Infective endocarditis (IE) is most commonly caused by species such as staphylococci, streptococcus and enterococci. When IE is caused by organisms such as Aerococcus urinae, misidentification of the organism in culture is common, resulting in misdiagnosis. We present a case of IE caused by Aerococcus urinae in a 67-year-old male with a bioprosthetic aortic valve whose culture initially grew micrococcus.
ALT: Alanine Transaminase; AST: Aspartate Transaminase; ALP: Alkaline Phosphatase
Aerococcus urinae is a gram-positive catalase negative cocci that has been recognized as part of the normal flora of the urinary tract. The incidence of it causing a urinary tract infection (UTI) is less than 0.8% and even less of invasive disease . Due to its similarity in morphology to other species such as streptococcus and staphylococcus, A. urinae tends to be underdiagnosed or misdiagnosed. It has also been associated with culture-negative infective endocarditis . A. urinae IE should always be suspected in patients with pre-existing urinary tract pathologies; especially in the presence of a bioprosthetic valve. We describe a case of A. urinae prosthetic vale endocarditis (PVE) in a patient that had recently undergone prostatic photovaporization.
A 67-year-old male presented to the emergency department (ED) complaining of intermittent fevers, chills, diaphoresis, generalized malaise, confusion, aphasia and dyspnea on exertion for three days prior to presentation. His past medical history was significant for bioprosthetic aortic valve replacement 7 years ago secondary to the congenital bicuspid valve, benign prostatic hyperplasia with outlet obstruction and recurrent urinary tract infections (UTI). Six weeks prior to presentation, he underwent photovaporization of his prostate complicated by 3 episodes of UTI. A urine culture failed to show significant growth but a commercial urine polymerase chain reaction (PCR) yielded Aerococcus urinae, and the patient began treatment with sulfamethoxazole/trimethoprim. Despite treatment with antibiotics, he developed fever with bouts of confusion and transient visual disturbances. Further evaluation by an infectious disease specialist yielded a diastolic cardiac murmur in the background of a bioprosthetic valve, raising concern for a complicated bioprosthetic valve endocarditis. At the time, the urine PCR results of Aerococcus urinae UTI were not available and the patient was referred to ED for further evaluation.
At presentation, physical exam findings consisted of a heart rate of 90, blood pressure 124/86, temperature of 103 °F and respiratory rate of 24. Bilateral coarse breathing sounds were appreciated in addition to a soft systolic murmur with a superimposed diastolic component at the left upper parasternal border. There were no peripheral signs of infective endocarditis (IE) such as Janeway lesions or splinter hemorrhages. Laboratory data was significant for a leukocytosis of 12,300/uL with left shift, ALP 337 U/L, AST 144 U/L, ALT 207 U/L. Urinalysis revealed moderate leukocytes, nitrates negative, large blood and more than 100 leukocytes.
The patient was admitted and further evaluated by cardiology and infectious disease specialists. A transesophageal echocardiogram (Figure 1A and Figure 1B) was significant for thickening leaflets of the aortic bioprosthetic valve with a small mobile lesion and moderate-severe regurgitation concerning for IE. Empiric antibiotic therapy with vancomycin and cefepime was initiated in conjunction with cardiothoracic surgery consultation. The patient underwent a redo aortic valve debridement and replacement. Surgical intervention revealed a small tunnel of abscesses. Blood cultures, urine cultures and one out of two surgical cultures remained negative. The second surgical specimen was significant for neutrophilic predominance and cultures eventually grew micrococcus, a misidentification. In light of this, the surgical sample was sent for 16S ribosomal broad-spectrum PCR which was positive for Aerococcus urinae. He was given ertapenem for a total of 6 weeks with no evidence of recurrence upon follow up.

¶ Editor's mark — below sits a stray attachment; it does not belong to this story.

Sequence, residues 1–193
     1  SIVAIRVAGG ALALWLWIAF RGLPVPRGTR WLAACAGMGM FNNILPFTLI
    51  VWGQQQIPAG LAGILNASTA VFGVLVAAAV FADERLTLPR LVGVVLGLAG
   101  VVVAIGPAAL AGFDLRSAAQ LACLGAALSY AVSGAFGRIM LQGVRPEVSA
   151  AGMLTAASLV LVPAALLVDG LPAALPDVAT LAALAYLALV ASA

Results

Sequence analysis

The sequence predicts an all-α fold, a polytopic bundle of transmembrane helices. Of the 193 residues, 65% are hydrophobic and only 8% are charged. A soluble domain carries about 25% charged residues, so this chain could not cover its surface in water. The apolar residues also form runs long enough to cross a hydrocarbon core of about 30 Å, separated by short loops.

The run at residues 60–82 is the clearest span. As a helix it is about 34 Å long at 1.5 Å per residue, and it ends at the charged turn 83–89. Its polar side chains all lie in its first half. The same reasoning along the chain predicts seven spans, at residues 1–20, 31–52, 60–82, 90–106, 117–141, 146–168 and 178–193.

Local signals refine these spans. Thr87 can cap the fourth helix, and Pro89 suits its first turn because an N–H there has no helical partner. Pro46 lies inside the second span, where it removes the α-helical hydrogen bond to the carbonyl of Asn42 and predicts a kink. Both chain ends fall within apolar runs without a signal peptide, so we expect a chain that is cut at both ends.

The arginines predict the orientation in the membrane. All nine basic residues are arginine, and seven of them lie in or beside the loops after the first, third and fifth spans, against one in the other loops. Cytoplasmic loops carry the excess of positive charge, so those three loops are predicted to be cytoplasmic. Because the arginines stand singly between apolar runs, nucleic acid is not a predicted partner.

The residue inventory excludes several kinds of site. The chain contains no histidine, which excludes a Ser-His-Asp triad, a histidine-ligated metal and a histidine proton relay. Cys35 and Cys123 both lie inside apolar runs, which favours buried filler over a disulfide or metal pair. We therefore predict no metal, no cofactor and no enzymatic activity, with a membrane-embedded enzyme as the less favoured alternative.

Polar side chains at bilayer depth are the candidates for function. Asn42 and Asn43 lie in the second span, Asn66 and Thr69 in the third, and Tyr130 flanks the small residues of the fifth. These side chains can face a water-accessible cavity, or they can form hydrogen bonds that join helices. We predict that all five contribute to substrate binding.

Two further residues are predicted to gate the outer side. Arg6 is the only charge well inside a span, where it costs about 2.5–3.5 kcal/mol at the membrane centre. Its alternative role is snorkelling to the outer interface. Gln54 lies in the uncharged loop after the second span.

Figure 1: (A) Transesophageal echocardiogram (TEE) mid-esophageal view showing mobile echo density on the prosthetic aortic valve. (B) Transesophageal echocardiogram (TEE) transgastric to mid-esophageal view showing prosthetic aortic valve with thickened leaflets suggestive of endocarditis. View Figure 1
Aerococcus urinae is an aerobic, alpha-hemolytic, gram-positive coccus that is usually arranged in tetrads but can also be found in pairs or clusters. Due to these features, it can be easily be misidentified as staphylococcus or streptococcus [3,4]. Its mechanism of virulence is similar to that of streptococci viridans in that it causes platelet aggregation and biofilm formation. Biofilm formation makes patients with prosthetic heart valves particularly susceptible to A. urinae PVE. According to literature reviews and research, the prevalence of A. urinae endocarditis is 3 per every million people . The presentation is similar to PVE secondary to other etiologies. The gold standard for accurate identification of A. urinae is via 16s ribosomal RNA gene sequencing . But due to it being time consuming and costly, this method of diagnosis is not frequently performed. To our knowledge this is the first reported case established by non-culture diagnosis, with urine infection demonstrated by PCR and valvular tissue 16S RNA testing yielding the etiologic cause. This organism tends to be highly responsive to penicillin/cephalosporins and resistant to sulfonamides and aminoglycosides . Due to it being often underdiagnosed, it is important to keep A. urinae as a differential diagnosis in the event of IE in a patient with pre-existing urinary tract pathologies.
All authors listed have contributed equally to the making of this manuscript and all authors report no conflict of interest.